Do You Love Hummus? Here are a Few Important Facts You Need to Know

Written by Blogger Help on January 14, 2014. Posted in Easy hummus recipe, Hummus dip, Hummus spread

Hummus recipe

Hummus, whether you are talking about an easy hummus recipe or more complicated recipes with hummus, is a Middle Eastern and Arabic food dip or spread made from cooked, mashed chickpeas blended with tahini, olive oil, lemon juice, salt and garlic. Today, it is popular throughout the Middle East including Turkey), North Africa (including Morocco), and in Middle Eastern cuisine around the globe.

Many cuisine-related sources describe hummus as an ancient food, or connect it to famous historical figures such as Saladin. Indeed, the basic ingredients for hummus spread are chickpeas, sesame, lemon, and garlic, have been eaten in the region for millennia.

But in fact, there is no specific evidence for this purported ancient history of hummus bi tahina. Though chickpeas were widely eaten in the region, and they were often cooked in stews and other hot dishes, pureed chickpeas eaten cold with tahini as hummus spreads do not actually appear before the Abbasid period in Egypt and the Levant.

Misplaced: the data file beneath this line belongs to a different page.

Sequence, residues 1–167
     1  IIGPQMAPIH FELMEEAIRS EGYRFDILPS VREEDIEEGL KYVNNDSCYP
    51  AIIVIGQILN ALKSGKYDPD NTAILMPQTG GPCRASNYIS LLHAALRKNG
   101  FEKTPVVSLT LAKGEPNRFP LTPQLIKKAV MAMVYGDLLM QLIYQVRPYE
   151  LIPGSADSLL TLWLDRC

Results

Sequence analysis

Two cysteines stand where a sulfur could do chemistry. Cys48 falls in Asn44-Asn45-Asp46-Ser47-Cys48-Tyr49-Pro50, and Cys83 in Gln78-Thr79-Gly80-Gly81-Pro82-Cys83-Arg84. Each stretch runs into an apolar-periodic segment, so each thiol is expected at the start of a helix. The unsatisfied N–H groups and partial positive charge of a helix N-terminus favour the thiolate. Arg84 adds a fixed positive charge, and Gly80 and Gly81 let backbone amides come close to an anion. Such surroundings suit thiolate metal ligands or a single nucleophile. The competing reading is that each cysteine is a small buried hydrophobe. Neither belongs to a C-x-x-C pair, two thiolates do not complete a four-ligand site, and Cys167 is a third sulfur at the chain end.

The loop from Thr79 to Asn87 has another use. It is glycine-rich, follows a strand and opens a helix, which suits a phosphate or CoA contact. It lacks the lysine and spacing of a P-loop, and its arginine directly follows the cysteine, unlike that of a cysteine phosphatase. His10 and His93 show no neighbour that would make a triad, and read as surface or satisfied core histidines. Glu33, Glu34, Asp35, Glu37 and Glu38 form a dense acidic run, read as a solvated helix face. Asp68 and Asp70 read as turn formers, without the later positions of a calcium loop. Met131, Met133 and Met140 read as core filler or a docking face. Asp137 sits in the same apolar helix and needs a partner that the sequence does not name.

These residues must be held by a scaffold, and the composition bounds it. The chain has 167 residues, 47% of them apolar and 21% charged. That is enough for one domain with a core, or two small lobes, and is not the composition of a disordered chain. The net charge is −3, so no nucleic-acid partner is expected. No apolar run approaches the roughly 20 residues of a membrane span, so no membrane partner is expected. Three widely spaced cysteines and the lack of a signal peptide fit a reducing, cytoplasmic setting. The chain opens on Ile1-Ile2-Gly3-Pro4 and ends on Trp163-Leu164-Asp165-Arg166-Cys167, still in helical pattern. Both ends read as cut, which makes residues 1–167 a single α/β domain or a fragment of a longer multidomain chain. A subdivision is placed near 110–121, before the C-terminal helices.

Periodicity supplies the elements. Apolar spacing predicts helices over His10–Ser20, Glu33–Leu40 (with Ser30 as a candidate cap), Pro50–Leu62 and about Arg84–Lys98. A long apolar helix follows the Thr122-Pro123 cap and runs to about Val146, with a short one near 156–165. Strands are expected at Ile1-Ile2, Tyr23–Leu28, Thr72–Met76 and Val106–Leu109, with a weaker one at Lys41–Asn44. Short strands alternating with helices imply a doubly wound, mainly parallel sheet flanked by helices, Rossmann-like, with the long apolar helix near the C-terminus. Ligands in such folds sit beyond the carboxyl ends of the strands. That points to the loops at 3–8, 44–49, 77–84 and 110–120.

Hummus, whether it is roasted garlic hummus dip or spicy hummus dip, is high in iron and vitamin C and also has significant amounts of folate and vitamin B6. The chickpeas are a good source of protein and dietary fiber; the tahini consists mostly of sesame seeds, which are an excellent source of the amino acid methionin. This does the job of complementing the proteins in the chickpeas. Depending on the recipe, hummus carries varying amounts of monounsaturated fat. Hummus is useful in vegetarian and vegan diets; like other combinations of grains and pulses, it serves as a complete protein when eaten with bread.

According to a 2010 market research, hummus spreads consumption in the United States has increased by 35 percent over a period of 21 months, with sales reaching nearly $300 million dollars. In 2006, hummus was present in 12 percent of American households, rising to 17 percent by early 2009. One commentator attributed the growth of Hummus to America’s embrace of ethnic foods, and to experimentation with exotic foods. More.